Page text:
This introductory physical chemistry course examines the connections between molecular properties and the behavior of macroscopic chemical systems.

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From the course by University of Minnesota

Statistical Molecular Thermodynamics

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This introductory physical chemistry course examines the connections between molecular properties and the behavior of macroscopic chemical systems.

From the lesson

Module 6

This module introduces a new state function, entropy, that is in many respects more conceptually challenging than energy. The relationship of entropy to extent of disorder is established, and its governance by the Second Law of Thermodynamics is described. The role of entropy in dictating spontaneity in isolated systems is explored. The statistical underpinnings of entropy are established, including equations relating it to disorder, degeneracy, and probability. We derive the relationship between entropy and the partition function and establish the nature of the constant β in Boltzmann's famous equation for entropy. Finally, we consider the role of entropy in dictating the maximum efficiency that can be achieved by a heat engine based on consideration of the Carnot cycle. Homework problems will provide you the opportunity to demonstrate mastery in the application of the above concepts.

- Dr. Christopher J. CramerDistinguished McKnight and University Teaching Professor of Chemistry and Chemical Physics

Chemistry

Well, it's finally time to close a loop and circle back and make a connection

between Boltzmann's constant and beta. Beta factor we introduced early on in the

course, and then took on faith was equal to 1 over kt.

So before I actually deliver that proof, I'm going to just get your intellectual

juices flowing, by letting you to answer a quick question, and then we'll dive in.

Alright, well to start off this proof if you will let me begin with the

probability form of the entropy expression.

So s is equal to minus Boltzmann's constant, sum over j, probability of

state j times the log of the probability of state j.

And what I want to do is differentiate this expression.

Just apply a differential operator. So, I get ds is minus k, and then, I'll

be differentiating a product, so I need to use the chain rule.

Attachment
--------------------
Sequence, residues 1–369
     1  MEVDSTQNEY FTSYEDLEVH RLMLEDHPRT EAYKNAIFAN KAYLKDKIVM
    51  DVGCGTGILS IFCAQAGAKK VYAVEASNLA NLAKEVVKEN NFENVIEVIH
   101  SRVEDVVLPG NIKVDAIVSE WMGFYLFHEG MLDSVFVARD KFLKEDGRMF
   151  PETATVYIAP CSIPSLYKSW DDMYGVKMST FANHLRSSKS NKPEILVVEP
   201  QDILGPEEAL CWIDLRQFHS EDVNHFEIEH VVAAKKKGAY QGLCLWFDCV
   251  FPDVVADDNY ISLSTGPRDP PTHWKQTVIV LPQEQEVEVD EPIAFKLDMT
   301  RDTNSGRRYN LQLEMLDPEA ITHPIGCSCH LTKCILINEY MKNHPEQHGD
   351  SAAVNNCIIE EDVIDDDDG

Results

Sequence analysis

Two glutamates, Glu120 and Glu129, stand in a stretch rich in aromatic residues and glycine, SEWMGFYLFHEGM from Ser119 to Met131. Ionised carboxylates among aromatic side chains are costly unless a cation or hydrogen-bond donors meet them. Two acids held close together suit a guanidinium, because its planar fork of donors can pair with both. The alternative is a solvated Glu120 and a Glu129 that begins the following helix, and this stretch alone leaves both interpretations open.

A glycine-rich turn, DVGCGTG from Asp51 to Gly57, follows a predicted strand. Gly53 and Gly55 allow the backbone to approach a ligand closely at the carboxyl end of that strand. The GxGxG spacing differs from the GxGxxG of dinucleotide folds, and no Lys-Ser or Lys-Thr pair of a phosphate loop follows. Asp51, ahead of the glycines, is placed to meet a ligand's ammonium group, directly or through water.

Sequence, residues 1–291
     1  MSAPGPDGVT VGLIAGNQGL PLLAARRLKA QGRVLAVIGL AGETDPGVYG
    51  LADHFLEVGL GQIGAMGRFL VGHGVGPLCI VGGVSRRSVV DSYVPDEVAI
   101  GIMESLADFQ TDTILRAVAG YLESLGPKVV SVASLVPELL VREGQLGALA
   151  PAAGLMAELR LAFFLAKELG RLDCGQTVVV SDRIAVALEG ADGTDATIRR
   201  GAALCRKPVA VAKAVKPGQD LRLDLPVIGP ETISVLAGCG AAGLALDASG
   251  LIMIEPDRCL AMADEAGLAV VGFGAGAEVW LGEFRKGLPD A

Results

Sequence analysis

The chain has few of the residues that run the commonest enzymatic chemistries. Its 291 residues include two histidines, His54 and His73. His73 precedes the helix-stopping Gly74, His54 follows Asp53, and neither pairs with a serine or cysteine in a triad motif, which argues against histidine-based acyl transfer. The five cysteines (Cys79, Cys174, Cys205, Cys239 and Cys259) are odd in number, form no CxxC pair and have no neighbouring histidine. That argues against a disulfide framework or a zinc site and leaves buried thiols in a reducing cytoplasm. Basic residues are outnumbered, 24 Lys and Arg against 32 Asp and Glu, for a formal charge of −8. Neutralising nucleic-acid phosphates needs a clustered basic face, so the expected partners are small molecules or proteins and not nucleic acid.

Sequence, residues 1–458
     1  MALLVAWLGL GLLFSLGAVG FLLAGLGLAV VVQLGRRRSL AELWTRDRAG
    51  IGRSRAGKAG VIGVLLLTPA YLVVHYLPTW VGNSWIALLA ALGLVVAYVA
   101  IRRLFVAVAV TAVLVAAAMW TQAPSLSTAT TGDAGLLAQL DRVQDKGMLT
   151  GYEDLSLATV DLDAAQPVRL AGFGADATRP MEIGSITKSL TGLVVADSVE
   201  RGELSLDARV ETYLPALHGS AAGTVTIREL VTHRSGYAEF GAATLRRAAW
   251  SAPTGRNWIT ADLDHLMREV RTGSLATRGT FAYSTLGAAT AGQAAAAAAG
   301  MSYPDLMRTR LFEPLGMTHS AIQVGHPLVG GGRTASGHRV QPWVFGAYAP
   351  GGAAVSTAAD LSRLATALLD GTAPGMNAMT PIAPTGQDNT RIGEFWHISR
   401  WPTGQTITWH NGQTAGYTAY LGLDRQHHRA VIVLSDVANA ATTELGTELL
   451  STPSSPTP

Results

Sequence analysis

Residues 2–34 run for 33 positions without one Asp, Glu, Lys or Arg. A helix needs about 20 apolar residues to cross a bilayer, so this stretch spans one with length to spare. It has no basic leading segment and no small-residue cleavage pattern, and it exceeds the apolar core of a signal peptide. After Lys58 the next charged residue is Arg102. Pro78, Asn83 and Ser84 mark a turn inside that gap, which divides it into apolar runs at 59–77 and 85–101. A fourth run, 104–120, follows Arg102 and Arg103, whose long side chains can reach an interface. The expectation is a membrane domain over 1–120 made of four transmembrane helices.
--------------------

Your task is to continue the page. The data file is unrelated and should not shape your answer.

So first, I'll differentiate the probability.

So, I get a dp, and it's left multiplying log p.

And then, I will multiply. Excuse me.

I'll differentiate log p. That'll give me 1 over p.

So the p's will cancel. And I'm just left with sum over j, of the

differentials of the probabilities. But, the sum over all probability is a

constant. It's equal to 1.

And so the sum of the individual differentials must be equal to 0.

The derivative of constant is 0. And as a result, I'm left with ds is

minus k sum over states log probability, d probability.

I'll again substitute in for the probability the actual expression, but

it's e to the minus Beta energy of that state, divided by the partition function.

So, when I plug that in, I get a log of a quotient.

So I'll separate that out into two logs. So the first term would be the log of the

exponential. That goes away, I'm just left with the

argument of the exponential minus beta ej.

Second term is q itself, so minus log q all dp.

Okay, so expand that out. I have kb times beta.

The two negative terms canceled. Sum over j, energy dp plus k, I'll pull

out this constant log, q. Oh, look.

There's that sum over dp again. Still equal to 0.

And so that term goes away. And I'm left with ds is equal to this

expression. Kb beta, sum over j, ej, dpj.

Let's keep that in mind. And we're running out of space on this

slide. So, move on to the next one.

So, just reproducing that. And now I want to recall for you,

something from last week. It was in video 5.6, and that was that

dU, was equal to this expression. And we then expanded this, noting that

energy depended on volume, and we got an expression of probability times

derivative of energy with respect to volume, dv.

Plus here's this term again, same term here, as here.

We associated this first term with work, and this second term with heat.

Right? And in particular then, this was Delq

reversible. So at this stage, if I make this

substitution for this sum, as Delq reversible.

I get that ds is equal to Boltzmann's constant times beta times Delq

reversible. Mind you the definition of ds is, it's

Delq reversible divided by t. And as a result, Kb times Boltzmann's

constant must be this 1 over t. Ergo, beta has to be one over kT.

Quod erat demonstrandum. So we finally accomplished a proof.

And this was really how Boltzmann related, Boltzmann did this statistical

analysis. Noted the similarity between his

equations, and the classical thermodynamic equations.

And was able then to establish the value of his constant, and it's relationship to

classical thermodynamics. So a, a tour de force piece of work on,

on Boltzmann's part. And thus we've established a connection

between statistical and classical thermodynamics.

So this was a short proof, that's all there is to this video.

We're going to go on, and look at one last item in this weeks work.

And this is something that is much more typically covered in a classical

thermodynamics class. But there's a few take home messages,

that are useful to chemists as well. I want to take a look at the Carnot

Cycle, and we'll get to that next. [SOUND] [BLANK_AUDIO]

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